Australia’s Impact Investment Market Development Enters New Era
23 February 2017 at 11:28 am
Australia’s growing impact investment market is moving into the next wave of development.
The Australian Advisory Board on Impact Investing, which represents the country on the international impact investment stage, has declared the first stage of market development complete.
Having delivered on key priorities to “catalyse the market” – the Impact Investment Ready Growth Grant, the first Impact Investor Survey, the first dataset capturing the performance of Australian impact investment products, and a blueprint for a flagship financial institution, Impact Capital Australia – the advisory board will now move onto a new set of strategies.
Australian Advisory Board chair Rosemary Addis told Pro Bono News the key achievements of the first development phase included “contributing to the momentum and activity in the market [and] Australia really confirming its leadership role globally in developing impact investment”.
“Since we launched [our] strategy to catalyse impact investing in and from Australia in 2014, the market has made significant leaps in increased awareness, interest and activity.” Addis said.
The new development phase will have a deeper focus on delivering the flagship market-building initiatives that were introduced in the first stage.
“For us, seeing Impact Capital Australia is a lynchpin because it has the potential to really be a gamechanger,” Addis said.
“[And] seeing the Impact Investment Ready Grants grow so that they can reach more organisations.”
Once set up, Impact Capital Australia will serve as an impact investment wholesaler, distributing funds to intermediaries who will then invest directly in social enterprises and not-for-profit organisations.
On Tuesday the Ready Grants was relaunched as the Impact Investment Ready initiative, with a new program added on specifically to help not-for-profit organisations explore the “huge potential” of impact investment and attract investors.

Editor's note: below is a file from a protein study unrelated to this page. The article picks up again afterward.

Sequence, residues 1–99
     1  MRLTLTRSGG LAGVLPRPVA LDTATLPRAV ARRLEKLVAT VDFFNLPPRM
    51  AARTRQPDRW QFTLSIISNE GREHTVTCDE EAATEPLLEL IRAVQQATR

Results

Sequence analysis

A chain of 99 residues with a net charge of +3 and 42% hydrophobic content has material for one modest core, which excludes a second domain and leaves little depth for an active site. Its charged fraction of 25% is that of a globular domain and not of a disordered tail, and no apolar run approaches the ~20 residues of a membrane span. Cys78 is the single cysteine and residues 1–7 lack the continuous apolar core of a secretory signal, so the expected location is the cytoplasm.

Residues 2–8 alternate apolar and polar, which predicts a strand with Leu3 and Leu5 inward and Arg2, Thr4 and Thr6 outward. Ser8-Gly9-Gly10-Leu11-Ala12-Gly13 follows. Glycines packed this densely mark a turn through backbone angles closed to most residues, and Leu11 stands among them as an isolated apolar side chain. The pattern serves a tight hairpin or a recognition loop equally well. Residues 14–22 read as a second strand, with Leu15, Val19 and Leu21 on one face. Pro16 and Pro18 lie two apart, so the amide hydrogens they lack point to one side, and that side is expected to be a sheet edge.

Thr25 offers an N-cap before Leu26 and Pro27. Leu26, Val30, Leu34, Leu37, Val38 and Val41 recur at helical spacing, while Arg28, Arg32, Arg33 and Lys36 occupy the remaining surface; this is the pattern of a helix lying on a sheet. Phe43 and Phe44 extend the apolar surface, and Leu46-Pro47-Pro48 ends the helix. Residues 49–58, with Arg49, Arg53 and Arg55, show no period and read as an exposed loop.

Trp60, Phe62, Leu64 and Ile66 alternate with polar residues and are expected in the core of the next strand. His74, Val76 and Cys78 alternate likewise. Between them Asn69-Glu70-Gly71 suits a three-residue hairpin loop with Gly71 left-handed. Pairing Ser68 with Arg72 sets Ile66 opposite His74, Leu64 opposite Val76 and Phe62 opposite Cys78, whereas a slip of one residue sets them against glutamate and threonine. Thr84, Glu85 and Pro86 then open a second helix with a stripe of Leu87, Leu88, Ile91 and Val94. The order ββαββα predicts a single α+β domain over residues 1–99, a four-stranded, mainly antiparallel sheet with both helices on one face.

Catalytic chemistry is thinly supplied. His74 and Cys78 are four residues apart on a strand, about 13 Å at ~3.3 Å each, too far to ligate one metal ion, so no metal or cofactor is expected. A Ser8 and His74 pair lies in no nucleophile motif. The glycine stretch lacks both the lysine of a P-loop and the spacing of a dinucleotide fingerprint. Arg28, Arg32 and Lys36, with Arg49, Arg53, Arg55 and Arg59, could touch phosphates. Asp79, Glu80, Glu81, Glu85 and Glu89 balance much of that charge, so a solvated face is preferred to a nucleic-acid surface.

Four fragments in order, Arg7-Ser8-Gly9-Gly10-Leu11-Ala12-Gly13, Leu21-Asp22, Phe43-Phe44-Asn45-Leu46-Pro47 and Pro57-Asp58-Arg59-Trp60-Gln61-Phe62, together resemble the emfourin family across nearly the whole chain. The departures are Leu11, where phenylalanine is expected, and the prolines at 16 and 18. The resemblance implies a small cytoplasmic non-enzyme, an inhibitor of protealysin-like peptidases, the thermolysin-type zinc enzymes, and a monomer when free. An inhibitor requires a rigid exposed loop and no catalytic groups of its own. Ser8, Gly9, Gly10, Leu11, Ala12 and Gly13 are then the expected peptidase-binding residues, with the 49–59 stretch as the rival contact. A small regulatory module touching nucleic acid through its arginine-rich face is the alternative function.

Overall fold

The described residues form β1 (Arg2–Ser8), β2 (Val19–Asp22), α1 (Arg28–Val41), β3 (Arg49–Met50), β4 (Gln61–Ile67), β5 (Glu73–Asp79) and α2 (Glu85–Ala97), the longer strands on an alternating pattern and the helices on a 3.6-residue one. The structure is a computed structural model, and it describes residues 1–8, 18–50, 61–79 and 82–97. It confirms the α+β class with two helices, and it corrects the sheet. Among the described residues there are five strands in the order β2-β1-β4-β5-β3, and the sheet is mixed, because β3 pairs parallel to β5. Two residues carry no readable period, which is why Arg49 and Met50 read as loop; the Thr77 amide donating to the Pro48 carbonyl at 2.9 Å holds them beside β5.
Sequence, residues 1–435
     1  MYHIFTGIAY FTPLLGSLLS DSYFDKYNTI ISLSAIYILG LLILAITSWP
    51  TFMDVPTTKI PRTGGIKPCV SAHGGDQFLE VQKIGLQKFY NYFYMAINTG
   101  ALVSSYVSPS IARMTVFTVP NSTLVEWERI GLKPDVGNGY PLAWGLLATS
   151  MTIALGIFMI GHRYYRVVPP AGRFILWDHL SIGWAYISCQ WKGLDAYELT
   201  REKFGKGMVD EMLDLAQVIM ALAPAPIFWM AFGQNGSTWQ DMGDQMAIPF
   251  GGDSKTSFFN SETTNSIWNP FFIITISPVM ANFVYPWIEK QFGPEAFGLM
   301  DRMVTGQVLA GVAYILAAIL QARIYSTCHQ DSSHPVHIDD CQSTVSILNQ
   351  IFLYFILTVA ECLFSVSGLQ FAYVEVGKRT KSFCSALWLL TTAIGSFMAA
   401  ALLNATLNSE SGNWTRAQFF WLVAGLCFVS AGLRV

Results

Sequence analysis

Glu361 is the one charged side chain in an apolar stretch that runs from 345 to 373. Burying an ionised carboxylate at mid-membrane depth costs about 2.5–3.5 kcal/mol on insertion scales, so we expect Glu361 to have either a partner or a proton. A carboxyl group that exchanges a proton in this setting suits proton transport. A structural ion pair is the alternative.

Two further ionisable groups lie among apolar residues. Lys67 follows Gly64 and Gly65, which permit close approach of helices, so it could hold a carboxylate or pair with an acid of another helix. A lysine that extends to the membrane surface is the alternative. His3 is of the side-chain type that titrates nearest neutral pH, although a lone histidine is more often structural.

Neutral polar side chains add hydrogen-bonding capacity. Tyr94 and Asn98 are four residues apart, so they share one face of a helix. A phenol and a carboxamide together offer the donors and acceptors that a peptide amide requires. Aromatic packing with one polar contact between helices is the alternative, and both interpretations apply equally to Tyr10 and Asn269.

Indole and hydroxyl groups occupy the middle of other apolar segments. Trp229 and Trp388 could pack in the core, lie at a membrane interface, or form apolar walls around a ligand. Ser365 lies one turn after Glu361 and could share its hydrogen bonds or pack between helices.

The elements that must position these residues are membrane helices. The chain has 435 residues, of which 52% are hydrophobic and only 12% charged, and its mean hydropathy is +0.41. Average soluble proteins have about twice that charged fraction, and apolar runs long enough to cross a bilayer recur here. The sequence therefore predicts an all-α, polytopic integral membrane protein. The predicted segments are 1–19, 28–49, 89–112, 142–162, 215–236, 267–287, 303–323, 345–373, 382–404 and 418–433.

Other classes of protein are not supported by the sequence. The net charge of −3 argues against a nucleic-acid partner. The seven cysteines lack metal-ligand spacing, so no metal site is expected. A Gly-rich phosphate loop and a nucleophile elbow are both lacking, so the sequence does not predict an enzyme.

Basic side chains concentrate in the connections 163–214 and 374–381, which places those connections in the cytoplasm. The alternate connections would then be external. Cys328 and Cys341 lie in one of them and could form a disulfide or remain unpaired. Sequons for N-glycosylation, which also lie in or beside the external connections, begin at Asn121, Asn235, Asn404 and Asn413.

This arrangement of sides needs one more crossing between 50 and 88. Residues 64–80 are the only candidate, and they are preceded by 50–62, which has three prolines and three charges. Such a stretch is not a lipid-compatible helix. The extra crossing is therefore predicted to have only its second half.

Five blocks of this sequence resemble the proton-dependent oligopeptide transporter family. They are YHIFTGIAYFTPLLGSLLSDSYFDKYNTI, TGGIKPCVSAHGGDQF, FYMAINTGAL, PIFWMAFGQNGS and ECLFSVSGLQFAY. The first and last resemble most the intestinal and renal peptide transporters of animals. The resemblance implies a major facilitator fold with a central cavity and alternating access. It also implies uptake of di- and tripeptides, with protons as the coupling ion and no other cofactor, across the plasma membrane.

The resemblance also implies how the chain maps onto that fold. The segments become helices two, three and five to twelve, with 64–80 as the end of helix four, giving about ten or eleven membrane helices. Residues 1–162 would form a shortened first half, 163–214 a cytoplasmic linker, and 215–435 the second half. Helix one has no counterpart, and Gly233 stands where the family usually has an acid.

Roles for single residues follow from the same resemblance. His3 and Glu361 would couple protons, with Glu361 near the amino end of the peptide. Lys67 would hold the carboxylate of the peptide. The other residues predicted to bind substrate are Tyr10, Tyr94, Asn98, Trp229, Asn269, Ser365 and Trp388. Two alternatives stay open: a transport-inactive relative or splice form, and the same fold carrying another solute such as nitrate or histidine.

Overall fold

Addis said stakeholders would also be consulted to prioritise new initiatives.
“There’s still work to do to develop the market. There are now a broader range of participants and a number of them have fantastic ideas for things for the next stage,” she said.
“For the second wave of strategy we’ll go back to the market and review with stakeholders what they think would make the biggest difference in terms of moving the market.
“There are a number of ideas for initiatives such as a clearinghouse or further work on data.”
Timed with the beginning of the second strategy stage, the sector’s key body Impact Investing Australia, which drives the implementation of the advisory board’s strategy, faces a leadership changeover.
CEO Daniel Madhavan will step down from his role to explore new opportunities in the impact sector.
He has led the organisation since October 2014 and will continue to remain involved in a voluntary capacity.
“We’ve been very lucky to have Dan for the last two-and-a-half years, and it was always anticipated that he would take on this role to see through that first wave of market building… and then consider what was next for him,” Addis, who is also chair of Impact Investing Australia, said.
“And so having done a fantastic job of shepherding those things through, he’s now moving to the next opportunity in the impact market as planned.”
Madhavan said: “It has been an enormous pleasure to lead Impact Investing Australia over the past three years.
“We’ve been able to play a significant role in market development and realising greater opportunities for private capital to deliver social and environmental impact.”
Fund manager Sally McCutchan will take over as executive director from 1 April.
“I’m excited about the work that lies ahead,” McCutchan said.
“We see enormous potential for the establishment of the flagship initiative Impact Capital Australia to champion impact investing market development and to change the way we address social issues in Australia. My focus will be on driving this and other key initiatives forward.”
Addis will continue to chair the Australian Advisory Board, with Louise Sylvan and Richard Brandweiner taking up positions as vice chairs.
Addis said the second phase of market development had “a lot of potential” for growth.
“Those who are active in the market would like to be doing more… provided they can be given the right kinds of opportunities to invest in,” she said.
“The projections that were done by JBWere back in 2012 were that we could expect to see the Australian market reach $32 billion within a decade.
“And the investor survey last year confirmed that there’s a baseline of somewhere around $18 billion in willing capital, provided that we can continue to develop the market to present the right opportunities to investors.”